New Directions in Understanding Cyberbullying

New Directions in Understanding Cyberbullying

Artemio Ramirez (Arizona State University, Tempe, USA), Kellie E. Palazzolo (Arizona State University, Tempe, USA) and Matthew W. Savage (Arizona State University, Tempe, USA)
DOI: 10.4018/978-1-61520-773-2.ch047
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Abstract

This chapter focuses cyberbullying, or bullying messages that are transmitted via electronic technologies. This chapter synthesizes research focusing on predictors and outcomes associated with cyberbullying into an overall conceptual message-based model that highlights both the role of messages as products of various influences, and the messages themselves as influences upon numerous affective, behavioral, and cognitive outcomes. The chapter provides (1) an initial review of how cyberbullying and related behaviors are termed and defined; (2) an overview of message factors that predict cyberbullying messages and tactics, and (3) a discussion of the outcomes of cyberbullying. The chapter concludes by offering potential solutions and recommendations to problems associated with cyberbullying.
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Introduction

“I hate you. Everyone in town hates you. You’d be better off dead!” A generation ago no one considered how bullying messages such as these might be sent via interactive mediums. Yet, in contemporary society there are a range of interactive mediums that have the potential to be maliciously utilized, especially by today’s tech-savvy youth. Malicious behavior can be inflicted through many different mediums and channels, ranging from photos, text messages, email, instant messages, cell phone video, webcams, personal digital assistants, and computers. Students have the ability to send one another threats, incriminating or doctored photographs, explicitly worded messages or more depending on the creativity of the perpetrator. Moreover, students across age groups are clearly taking advantage of both an array of and access to these mediums to deliver malicious messages. The Pew Internet and American Life Project (Rainie, 2008) reports that 94% of teens use the Internet, 71% own a cell phone, approximately 70% connect to the Internet wirelessly, 62% go online daily, and 58% have created a profile on a social networking site such as Facebook or MySpace. The combination of persistent access to interactive technologies and potential for malicious use suggests the need for an examination of the nature of the communication individuals engage in as well as the context in which it occurs.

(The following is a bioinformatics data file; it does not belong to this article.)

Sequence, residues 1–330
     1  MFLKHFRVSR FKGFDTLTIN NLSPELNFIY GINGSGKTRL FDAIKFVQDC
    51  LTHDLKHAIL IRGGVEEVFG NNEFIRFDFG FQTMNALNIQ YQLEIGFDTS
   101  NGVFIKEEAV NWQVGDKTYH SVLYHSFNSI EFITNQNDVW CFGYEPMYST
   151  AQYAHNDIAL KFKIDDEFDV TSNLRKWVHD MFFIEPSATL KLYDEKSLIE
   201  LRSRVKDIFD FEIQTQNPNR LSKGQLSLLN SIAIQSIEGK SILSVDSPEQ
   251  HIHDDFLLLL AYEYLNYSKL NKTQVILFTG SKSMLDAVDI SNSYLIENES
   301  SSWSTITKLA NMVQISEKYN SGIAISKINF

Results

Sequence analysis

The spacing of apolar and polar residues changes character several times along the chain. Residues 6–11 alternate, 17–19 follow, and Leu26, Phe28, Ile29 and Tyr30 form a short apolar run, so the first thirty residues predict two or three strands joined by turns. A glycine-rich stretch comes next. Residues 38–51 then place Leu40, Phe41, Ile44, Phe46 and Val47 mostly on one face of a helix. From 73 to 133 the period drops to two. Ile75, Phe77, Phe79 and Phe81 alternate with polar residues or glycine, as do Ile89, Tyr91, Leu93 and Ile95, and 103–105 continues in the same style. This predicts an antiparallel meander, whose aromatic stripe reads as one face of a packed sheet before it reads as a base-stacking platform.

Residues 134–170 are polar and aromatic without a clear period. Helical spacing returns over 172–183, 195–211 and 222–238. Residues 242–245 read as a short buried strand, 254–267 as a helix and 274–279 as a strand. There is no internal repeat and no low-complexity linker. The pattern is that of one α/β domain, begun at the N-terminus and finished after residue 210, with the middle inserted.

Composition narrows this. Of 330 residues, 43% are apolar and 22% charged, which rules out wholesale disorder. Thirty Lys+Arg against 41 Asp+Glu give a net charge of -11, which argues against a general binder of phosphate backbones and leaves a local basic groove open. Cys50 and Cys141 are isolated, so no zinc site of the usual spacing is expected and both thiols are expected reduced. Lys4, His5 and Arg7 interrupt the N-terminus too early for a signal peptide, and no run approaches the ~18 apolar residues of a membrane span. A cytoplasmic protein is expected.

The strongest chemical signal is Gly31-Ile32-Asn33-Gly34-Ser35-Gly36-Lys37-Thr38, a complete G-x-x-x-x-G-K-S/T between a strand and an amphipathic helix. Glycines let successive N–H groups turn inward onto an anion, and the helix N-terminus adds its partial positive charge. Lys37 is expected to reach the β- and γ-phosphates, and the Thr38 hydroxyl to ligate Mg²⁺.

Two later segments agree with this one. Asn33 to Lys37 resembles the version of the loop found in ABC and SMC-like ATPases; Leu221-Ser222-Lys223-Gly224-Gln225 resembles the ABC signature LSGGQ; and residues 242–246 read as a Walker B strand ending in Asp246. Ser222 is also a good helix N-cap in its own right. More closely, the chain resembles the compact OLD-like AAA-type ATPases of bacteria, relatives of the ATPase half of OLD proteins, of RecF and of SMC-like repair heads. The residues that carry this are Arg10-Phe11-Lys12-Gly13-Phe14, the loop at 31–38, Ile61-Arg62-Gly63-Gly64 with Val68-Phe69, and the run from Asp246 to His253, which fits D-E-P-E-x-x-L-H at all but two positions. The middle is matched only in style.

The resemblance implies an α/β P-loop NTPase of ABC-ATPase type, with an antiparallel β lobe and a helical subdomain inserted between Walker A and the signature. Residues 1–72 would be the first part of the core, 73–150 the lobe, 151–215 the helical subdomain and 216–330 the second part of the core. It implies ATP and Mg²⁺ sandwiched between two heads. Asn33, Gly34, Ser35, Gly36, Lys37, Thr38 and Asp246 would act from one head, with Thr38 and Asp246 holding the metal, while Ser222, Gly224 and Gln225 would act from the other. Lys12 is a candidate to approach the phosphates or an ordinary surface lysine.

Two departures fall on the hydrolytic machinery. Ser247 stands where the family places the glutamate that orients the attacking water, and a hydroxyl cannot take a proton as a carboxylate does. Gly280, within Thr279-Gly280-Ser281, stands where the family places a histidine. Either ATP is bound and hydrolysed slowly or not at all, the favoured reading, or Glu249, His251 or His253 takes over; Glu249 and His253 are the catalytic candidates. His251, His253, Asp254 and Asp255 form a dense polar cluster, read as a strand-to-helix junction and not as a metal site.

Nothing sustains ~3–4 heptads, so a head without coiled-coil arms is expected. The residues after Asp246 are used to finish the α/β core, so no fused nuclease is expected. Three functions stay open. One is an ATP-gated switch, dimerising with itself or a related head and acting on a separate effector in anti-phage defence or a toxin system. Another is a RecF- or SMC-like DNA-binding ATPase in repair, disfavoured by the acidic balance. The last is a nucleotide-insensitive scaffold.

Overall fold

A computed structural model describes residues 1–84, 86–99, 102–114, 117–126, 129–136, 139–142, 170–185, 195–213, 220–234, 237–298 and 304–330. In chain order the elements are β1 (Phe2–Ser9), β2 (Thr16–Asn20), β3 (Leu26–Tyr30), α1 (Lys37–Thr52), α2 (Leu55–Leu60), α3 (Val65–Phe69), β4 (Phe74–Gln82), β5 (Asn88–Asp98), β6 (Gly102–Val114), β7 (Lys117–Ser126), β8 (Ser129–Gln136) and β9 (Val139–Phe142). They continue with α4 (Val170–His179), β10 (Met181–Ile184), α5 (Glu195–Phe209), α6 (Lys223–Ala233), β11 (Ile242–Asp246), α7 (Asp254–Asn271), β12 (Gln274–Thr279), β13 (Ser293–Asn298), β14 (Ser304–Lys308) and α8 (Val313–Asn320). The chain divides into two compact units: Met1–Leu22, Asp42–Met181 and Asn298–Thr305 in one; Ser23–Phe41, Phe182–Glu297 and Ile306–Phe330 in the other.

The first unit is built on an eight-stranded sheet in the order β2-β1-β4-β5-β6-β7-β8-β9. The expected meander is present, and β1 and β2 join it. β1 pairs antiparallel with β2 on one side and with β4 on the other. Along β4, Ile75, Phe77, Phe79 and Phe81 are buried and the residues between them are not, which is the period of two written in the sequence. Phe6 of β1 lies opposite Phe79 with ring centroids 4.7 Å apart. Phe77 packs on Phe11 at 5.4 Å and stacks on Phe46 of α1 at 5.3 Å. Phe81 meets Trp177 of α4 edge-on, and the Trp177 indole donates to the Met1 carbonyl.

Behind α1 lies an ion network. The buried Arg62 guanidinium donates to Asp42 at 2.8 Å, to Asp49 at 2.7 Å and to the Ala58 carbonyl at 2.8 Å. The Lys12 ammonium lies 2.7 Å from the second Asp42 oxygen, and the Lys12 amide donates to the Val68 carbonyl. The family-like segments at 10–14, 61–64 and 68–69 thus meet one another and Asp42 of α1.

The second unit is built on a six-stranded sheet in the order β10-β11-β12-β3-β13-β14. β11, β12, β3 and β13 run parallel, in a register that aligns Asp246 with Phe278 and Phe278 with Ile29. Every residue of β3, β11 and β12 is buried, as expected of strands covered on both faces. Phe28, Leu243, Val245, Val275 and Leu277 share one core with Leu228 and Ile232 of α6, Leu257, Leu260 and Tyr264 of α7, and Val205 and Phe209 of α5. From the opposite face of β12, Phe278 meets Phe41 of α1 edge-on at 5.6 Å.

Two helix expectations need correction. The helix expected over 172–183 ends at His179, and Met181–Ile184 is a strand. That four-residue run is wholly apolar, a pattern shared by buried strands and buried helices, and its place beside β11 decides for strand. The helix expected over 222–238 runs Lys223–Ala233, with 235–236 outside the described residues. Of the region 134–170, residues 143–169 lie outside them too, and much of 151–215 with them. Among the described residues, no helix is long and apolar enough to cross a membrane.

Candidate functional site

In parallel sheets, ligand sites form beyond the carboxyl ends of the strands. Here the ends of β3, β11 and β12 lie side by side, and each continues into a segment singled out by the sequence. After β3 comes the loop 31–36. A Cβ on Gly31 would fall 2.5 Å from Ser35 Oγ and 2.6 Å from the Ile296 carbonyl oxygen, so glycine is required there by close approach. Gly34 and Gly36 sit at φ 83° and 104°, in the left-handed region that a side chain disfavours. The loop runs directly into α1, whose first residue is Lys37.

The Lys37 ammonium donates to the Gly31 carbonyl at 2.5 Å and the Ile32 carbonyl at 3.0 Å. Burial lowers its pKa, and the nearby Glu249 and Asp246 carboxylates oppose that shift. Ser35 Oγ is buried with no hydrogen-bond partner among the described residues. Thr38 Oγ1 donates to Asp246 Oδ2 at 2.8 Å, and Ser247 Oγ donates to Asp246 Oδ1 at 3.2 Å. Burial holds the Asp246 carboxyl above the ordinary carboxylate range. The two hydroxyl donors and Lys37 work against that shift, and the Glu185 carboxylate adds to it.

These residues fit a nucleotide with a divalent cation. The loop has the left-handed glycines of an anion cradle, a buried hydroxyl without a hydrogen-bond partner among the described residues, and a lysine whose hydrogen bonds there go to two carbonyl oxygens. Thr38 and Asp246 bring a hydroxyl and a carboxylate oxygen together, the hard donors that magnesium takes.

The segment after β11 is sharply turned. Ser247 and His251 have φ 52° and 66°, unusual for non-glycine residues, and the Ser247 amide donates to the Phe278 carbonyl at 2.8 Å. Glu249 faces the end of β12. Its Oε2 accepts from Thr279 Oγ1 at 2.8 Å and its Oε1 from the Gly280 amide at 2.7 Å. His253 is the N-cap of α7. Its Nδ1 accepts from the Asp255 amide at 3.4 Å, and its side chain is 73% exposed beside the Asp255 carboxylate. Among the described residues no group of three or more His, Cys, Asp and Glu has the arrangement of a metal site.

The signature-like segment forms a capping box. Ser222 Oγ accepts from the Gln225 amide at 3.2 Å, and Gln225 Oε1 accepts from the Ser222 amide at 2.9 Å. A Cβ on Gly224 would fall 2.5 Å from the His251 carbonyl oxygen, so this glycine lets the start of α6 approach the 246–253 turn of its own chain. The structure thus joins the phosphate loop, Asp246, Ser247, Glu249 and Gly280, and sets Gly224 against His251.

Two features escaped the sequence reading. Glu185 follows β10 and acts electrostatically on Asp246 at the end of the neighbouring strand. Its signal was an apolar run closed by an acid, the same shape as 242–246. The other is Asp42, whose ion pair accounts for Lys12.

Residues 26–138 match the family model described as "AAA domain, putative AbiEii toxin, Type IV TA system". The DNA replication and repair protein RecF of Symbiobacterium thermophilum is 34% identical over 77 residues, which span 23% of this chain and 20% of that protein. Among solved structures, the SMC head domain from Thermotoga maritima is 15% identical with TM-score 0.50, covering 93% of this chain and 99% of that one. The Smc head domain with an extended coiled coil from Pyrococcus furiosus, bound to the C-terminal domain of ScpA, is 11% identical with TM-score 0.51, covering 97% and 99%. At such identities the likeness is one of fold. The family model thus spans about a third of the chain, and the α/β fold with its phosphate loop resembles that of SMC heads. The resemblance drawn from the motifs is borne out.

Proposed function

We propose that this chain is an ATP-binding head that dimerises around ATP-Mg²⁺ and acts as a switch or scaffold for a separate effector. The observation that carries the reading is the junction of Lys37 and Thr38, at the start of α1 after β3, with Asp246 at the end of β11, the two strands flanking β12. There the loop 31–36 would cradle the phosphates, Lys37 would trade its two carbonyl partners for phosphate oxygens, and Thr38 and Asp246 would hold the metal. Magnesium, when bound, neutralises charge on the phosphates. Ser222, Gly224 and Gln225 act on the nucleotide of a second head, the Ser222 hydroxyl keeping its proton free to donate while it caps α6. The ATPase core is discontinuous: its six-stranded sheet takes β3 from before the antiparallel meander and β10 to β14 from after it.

The prevalence of online bullying, commonly termed cyberbullying, provides further warrant for the need for such an analysis. Recent research suggests between 9-35% of youth have experienced cyberbullying. For example, Beran and Li’s (2005) study of school-aged individuals estimates that between 20-35% have experienced some form of harassment. Consistent with these estimates, Kowalski and Limber (2007) reported that 22% of their student sample was involved in episodes of electronic aggression. Other studies report more modest estimates. Wolak, Mitchell, and Finkelhor (2007) in their examination of 1500 youth aged 10 to 17 found that only 9% of their sample engaged in cyberbullying. However, reported frequencies of cyberbullying across studies may differ because, as we discuss below, the term is not consistently conceptualized or operationalized in a consistent manner from study to study.